Yeah, what else is worth of mentioning? Well yesterday I had a wind observation day while I was in the city centre and outside, yes I did now notice the difference on how the wind feels and behaves according to what micro climate I was in. In the city where the buildings rose a little higher, the wind felt quite harsh like blowing through a tunnel, funny how I never took much notice of that before. And when I went through a park that had thick areas of threes and bushes the wind behaved very differently, the feel was mellow and nice almost lulling.

Aah :)

LarkWahya 07-21-12 11:04 AM

Re: What did you observe?
I took these pics in a small nature preserve near my house last night when my parents and i went for an evening walk

theres a frog in this one

this is a video of a duck eating grass off the bottom in a shallow part of the pond, he looked like he was going to flip over, its not good quality cuz i had to zoom but you can see the shape of him as his back end goes straight up lol. I wish you could see his little feet kick around

Windsmith bat Gaia 08-06-12 11:00 AM

Re: What did you observe?
We're in the middle of having our yard landscaped, and the grass has been smothered with mulch in preparation for a couple hundred native wildflowers. The mulch seems prone to a certain type of mushroom--I don't know what it is, but they're small and gray and every time it rains about a hundred pop up and then disappear by day's end. It's fantastic.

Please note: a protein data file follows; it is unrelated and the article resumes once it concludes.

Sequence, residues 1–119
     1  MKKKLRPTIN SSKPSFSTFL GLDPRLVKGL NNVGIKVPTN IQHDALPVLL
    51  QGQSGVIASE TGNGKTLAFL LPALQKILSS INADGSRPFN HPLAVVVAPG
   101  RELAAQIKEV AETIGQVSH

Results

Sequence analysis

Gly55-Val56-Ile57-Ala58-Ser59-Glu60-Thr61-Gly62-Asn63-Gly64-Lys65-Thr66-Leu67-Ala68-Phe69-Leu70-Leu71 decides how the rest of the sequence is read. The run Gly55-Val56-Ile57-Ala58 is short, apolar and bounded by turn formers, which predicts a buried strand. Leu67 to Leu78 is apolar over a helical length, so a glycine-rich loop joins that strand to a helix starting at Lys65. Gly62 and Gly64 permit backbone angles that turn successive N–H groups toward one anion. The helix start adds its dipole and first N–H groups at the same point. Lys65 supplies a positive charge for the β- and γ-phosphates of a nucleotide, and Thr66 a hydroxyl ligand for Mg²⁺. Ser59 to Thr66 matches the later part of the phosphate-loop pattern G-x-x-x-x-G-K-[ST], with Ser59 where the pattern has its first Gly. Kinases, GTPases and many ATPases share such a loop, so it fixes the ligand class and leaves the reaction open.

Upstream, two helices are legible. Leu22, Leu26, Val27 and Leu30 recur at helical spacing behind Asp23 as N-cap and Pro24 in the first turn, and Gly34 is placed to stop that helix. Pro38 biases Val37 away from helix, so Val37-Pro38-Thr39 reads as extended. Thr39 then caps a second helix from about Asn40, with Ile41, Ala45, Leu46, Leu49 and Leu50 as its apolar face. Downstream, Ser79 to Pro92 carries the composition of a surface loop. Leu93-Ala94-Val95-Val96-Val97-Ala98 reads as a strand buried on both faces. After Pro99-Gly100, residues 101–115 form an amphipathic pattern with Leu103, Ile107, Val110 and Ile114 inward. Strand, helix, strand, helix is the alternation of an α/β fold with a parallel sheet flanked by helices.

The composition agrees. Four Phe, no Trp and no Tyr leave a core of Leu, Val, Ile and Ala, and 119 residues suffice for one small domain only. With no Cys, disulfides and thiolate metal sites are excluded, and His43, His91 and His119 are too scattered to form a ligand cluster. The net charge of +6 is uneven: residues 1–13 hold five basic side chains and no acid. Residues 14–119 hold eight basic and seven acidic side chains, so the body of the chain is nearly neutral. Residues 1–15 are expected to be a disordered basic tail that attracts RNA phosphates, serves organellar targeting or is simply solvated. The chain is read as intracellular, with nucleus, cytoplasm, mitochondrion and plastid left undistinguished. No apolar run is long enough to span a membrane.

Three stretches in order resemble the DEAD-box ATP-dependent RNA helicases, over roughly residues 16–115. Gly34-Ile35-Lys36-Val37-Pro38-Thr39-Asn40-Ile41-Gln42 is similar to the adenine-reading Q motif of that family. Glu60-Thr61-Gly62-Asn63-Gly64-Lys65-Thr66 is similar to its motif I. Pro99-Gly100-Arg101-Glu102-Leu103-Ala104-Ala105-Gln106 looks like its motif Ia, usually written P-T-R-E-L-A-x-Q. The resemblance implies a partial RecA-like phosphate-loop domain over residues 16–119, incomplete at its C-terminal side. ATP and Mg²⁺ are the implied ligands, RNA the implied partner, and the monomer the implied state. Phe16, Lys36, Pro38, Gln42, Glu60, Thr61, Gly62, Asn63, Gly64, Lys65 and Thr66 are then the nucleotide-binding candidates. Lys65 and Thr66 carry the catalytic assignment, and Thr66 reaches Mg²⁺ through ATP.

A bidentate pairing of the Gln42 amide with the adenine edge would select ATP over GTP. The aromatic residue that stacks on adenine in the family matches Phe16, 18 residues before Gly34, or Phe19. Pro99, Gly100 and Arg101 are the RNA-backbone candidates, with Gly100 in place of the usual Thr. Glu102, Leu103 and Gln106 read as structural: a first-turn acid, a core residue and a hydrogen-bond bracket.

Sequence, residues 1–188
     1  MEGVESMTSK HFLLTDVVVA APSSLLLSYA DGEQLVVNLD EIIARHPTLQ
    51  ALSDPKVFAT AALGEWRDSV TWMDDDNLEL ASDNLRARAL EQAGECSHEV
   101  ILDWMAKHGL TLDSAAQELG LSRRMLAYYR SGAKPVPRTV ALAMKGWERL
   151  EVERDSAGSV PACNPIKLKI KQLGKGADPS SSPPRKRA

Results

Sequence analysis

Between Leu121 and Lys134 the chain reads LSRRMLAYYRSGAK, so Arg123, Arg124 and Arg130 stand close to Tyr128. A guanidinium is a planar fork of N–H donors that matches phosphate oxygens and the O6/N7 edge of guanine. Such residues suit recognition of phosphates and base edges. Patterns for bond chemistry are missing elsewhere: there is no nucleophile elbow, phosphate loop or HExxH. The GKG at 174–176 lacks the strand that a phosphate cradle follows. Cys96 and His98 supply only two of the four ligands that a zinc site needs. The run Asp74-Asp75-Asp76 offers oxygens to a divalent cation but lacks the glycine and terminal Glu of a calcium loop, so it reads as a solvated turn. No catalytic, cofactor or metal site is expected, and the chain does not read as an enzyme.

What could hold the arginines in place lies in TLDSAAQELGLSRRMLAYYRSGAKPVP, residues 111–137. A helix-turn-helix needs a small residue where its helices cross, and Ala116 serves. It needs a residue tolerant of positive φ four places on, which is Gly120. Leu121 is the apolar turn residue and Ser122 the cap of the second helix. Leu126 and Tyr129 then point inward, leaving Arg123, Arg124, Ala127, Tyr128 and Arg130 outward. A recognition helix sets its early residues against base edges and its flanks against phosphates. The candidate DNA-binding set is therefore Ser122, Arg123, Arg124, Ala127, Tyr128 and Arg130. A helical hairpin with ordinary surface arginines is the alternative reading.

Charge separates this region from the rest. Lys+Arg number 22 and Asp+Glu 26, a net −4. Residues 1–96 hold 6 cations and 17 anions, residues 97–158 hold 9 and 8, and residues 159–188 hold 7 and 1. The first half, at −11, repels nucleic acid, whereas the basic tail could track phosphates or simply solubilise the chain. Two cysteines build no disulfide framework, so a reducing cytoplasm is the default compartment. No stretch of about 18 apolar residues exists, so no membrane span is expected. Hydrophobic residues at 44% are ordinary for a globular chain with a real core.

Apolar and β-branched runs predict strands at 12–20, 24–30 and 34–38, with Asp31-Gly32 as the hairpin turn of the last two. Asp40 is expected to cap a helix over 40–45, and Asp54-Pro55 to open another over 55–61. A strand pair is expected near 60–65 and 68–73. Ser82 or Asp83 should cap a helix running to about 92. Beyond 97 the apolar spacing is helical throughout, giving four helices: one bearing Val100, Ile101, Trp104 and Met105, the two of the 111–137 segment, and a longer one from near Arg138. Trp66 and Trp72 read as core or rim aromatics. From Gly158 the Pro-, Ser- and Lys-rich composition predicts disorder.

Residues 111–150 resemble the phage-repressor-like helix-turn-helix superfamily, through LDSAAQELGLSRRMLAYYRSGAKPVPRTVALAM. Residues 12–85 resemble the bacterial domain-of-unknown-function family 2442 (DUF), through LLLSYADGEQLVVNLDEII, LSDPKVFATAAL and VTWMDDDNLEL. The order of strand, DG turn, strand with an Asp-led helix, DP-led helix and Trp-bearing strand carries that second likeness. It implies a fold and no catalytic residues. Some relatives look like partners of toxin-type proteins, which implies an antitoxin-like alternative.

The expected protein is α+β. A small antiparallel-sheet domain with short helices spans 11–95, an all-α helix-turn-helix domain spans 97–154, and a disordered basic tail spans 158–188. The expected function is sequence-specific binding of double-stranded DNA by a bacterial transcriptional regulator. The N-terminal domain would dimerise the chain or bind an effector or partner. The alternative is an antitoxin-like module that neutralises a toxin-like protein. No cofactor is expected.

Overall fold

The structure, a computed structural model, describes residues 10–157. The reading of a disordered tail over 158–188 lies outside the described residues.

DonelleBeira 12-08-12 06:24 PM

Re: What did you observe?
The Crow Tree -

The Crow come in every night to roost in this tree then fly off with the morning light.

DonelleBeira 12-10-12 12:56 PM

Re: What did you observe?
This is a Christmas Cactus that my maternal Grandmother grew. My mom started one from a cutting of hers then after many years, got tired of messing with it and threw it out in the yard. I salvaged it. That was about 30 years ago. It has died back and regrown countless times and I am always amazed when it blooms.

The last picture looks like a little Fairy to me. ;)

David_2010 12-10-12 07:24 PM

Re: What did you observe?
Very cool, the seeker, and the last one does look like a small Fairie.

Windsmith bat Gaia 12-17-12 10:22 AM

Re: What did you observe?
One thing I love about the leaves falling in Autumn is getting to see how many birds have nested in the trees on my block. This morning on my way to my car, I paused and just took in as many as I could see. Such a wonderful reminder of the vast community we're part of.

DonelleBeira 12-28-12 11:13 AM

Re: What did you observe?
The winter storm that tore through Arkansas has damaged the Green Wall. :( I have a clear view across what last week was a thick wood into the housing division on the other side of the woods. All the tree height is gone - whether broken, pulled up, or simply bent over from the weight of the snow and ice still present, I can't tell. I can see many snapped trunks standing with the raw trunk cores exposed.

One tree I know is gone, one I called Grandfather Tree because he was so huge at the base and so tall. He looked like three saplings had started growing together then blended into one trunk that split into three again as it gained height. He is gone. :( Grandfather Tree is one I always spoke with when storms were coming and always thanked after it was over. His branches were heavily weighted toward the house yet he fell away from his weight, into the woods and not the house. I couldn't help but cry when I realized he had passed and that he did it in a manner to spare us. He is the second Grandparent Tree to fall since we moved here and both fell away from us when they could have crushed us easily.

The Crow Tree has sustained damage as well but he is still standing, thankfully.

My Soul hurts for all the losses I see, not only around our home but all over yet I am grateful more lives weren't lost.